This week Argentina decided to allow rape victims access to abortions. Yay? Is this really the kind of verdict I’m supposed to get excited for? Should I feel encouraged? It’s like we are climbing out of a deep hole, and while we scramble and scrape our way out, Rick Santorum is at the bottom of it digging us closer to the molten core of the Earth.

My friend Lori Day wrote an essay for the Huffington Post called “The Loneliness of Being Female in 2012.” She writes, “What is at stake is women’s ability to have authentic and freely chosen lives — nothing less….I sometimes write about anomie. It’s one of my favorite words, acquired in college Sociology 101, describing the moral disconnect one can feel between his or her own personal values, and the values and laws thrust upon the individual by society. I am writhing in anomie these days, and it is a very lonely place.”

I couldn’t agree more, so props to Lori for putting the word out there for all the other lonely people to rally around.

Related Post: The fundamental differences are just too much.

Related Post: Who would think that “age-appropriate” and “medically accurate” are word you wouldn’t want associated with sex-education?


Filed under Gender, Politics, Really Good Writing by Other People, Sex

Rosie in the News: The Sandra Fluke Edition

I’d present this edition of Rosie in the News without comment, but I feel like it needs a pretty big WTF:

Found at Death by a Thousand Papercuts

Can’t find the original artist, but I found it at this site.  As a counterpoint, see someecards:

I still feel like the strongest counterpoint at the moment is the Viagra argument. How can you be in favor of Viagra being covered by health insurance but not birth control? If God had wanted you to have an erection, he would have given you a fucking erection, not an insurance-provided pill, right? Isn’t that the argument?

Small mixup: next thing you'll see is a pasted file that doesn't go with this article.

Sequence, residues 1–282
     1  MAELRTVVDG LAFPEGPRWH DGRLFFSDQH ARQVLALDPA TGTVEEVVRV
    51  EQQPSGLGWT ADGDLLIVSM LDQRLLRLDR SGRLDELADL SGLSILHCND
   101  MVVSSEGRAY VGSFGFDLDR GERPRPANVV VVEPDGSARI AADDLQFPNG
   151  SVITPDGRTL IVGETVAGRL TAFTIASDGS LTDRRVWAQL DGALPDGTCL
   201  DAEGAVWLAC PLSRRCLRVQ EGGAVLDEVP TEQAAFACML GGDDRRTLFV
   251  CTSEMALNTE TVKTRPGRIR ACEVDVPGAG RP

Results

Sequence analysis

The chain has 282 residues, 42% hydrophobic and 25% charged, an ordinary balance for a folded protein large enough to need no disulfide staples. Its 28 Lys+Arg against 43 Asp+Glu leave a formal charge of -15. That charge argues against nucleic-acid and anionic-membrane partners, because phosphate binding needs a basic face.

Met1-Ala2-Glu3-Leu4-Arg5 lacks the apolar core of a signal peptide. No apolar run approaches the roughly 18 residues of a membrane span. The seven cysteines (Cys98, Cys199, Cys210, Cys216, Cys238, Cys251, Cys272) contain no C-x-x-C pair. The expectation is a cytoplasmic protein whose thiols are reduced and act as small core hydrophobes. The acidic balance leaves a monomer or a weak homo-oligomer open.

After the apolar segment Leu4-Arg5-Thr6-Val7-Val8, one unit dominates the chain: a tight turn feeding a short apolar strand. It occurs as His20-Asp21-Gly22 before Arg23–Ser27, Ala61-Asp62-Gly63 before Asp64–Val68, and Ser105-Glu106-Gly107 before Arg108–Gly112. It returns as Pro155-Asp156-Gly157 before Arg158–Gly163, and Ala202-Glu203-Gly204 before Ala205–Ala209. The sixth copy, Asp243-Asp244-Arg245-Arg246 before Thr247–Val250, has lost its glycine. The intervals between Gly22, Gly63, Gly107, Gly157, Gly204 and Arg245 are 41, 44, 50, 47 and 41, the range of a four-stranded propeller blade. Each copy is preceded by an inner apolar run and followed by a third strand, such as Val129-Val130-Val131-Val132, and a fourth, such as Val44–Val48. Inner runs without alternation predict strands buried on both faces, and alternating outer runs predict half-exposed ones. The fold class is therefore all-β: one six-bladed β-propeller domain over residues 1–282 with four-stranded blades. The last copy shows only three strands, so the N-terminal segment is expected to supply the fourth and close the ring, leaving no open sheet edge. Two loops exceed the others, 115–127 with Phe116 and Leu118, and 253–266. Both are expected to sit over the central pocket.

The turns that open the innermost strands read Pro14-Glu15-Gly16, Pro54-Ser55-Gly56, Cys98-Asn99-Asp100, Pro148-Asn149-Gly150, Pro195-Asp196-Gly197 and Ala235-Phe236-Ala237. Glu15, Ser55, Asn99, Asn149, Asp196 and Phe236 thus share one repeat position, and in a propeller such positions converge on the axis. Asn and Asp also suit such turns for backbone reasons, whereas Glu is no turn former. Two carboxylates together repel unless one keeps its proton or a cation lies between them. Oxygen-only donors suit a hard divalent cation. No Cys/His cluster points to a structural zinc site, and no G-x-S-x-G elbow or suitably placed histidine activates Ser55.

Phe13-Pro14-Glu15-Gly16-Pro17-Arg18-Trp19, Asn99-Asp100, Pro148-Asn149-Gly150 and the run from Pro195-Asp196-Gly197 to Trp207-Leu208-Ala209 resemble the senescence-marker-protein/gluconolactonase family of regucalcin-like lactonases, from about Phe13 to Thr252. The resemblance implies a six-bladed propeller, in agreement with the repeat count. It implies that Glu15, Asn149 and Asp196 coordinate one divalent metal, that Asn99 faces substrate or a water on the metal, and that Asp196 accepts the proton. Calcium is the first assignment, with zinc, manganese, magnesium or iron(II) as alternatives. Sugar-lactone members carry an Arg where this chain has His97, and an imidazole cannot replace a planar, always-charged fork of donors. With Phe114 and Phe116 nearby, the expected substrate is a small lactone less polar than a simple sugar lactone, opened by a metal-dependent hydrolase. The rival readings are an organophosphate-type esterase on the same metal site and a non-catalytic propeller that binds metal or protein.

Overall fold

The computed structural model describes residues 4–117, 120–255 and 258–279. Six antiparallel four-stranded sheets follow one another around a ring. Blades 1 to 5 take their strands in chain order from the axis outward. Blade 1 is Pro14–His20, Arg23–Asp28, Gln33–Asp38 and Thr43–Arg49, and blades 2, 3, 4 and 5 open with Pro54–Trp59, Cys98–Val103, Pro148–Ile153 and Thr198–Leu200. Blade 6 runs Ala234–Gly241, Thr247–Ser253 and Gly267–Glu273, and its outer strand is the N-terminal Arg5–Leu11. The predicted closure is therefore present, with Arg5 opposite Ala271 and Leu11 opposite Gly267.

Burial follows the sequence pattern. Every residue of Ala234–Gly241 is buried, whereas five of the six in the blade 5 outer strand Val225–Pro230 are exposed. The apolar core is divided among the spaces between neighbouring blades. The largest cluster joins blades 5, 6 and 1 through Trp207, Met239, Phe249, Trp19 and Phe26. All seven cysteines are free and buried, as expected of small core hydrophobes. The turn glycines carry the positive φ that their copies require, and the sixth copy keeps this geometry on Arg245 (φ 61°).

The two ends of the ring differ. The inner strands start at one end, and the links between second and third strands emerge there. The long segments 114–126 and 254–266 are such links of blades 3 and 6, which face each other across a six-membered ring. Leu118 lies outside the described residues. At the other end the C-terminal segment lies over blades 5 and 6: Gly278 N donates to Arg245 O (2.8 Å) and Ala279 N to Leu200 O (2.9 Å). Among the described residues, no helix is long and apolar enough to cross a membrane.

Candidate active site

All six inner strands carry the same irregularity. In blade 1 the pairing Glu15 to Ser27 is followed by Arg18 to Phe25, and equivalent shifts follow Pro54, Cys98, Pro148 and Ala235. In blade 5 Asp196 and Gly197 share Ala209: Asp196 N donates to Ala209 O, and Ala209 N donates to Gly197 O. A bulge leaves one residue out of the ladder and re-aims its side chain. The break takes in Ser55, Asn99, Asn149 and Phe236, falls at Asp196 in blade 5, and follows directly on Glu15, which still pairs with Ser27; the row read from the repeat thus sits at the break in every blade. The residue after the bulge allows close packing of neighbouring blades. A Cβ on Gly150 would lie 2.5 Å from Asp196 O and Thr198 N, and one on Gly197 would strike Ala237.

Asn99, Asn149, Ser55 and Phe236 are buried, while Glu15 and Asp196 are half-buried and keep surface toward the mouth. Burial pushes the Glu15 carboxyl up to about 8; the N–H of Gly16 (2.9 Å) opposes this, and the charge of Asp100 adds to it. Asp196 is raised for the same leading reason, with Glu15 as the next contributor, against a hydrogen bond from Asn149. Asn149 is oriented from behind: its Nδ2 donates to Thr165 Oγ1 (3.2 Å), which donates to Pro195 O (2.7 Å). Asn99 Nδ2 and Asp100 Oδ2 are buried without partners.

Or at the very least, if women need notes from their doctors (!!!) promising their birth control is for a medical condition and not slutty slutty non-marital sex, shouldn’t men need a note from their priests or something promising the Viagra their insurance paid for will only be used for babymaking? Or maybe Viagra shouldn’t be covered by insurance for gay men, since they are not using it for God-sanctioned intercourse. And if your wife is past child-bearing age, no Viagra for you, since sex is only for procreation!

I don’t actually think Viagra shouldn’t be covered by insurance, for the record. I’m all in favor of enabling people to have happily functioning genitalia. I just want the idea of happy, healthy sex and happy, healthy family planning to be part of the equation.

Related Post: My three favorite protests to this birth control mess.

Related Post: Why, of all the things he says, is Sandra Fluke the most recognized of Rush’ offenses?

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Filed under Gender, Politics

Of all the hateful things Rush has ever said…

Rush Limbaugh has said a lot of appalling things. Terrible, horrible, no-good, racist, sexist, homophobic batshit crazy things. Remember the Michael J. Fox impression from a few years ago? Yeah, he’s hateful, bigoted, shameless human being. This much we know.

So why now, of all the horrible things, is the Sandra Fluke “slut” comment the thing that riles the internet into action? I think the key is in the words of Carbonite CEO David Friend when he announced Carbonite would be pulling their ads on Limbaugh’s show:

“No one with daughters the age of Sandra Fluke, and I have two, could possibly abide the insult and abuse heaped upon this courageous and well-intentioned young lady. Mr. Limbaugh, with his highly personal attacks on Miss Fluke, overstepped any reasonable bounds of decency.”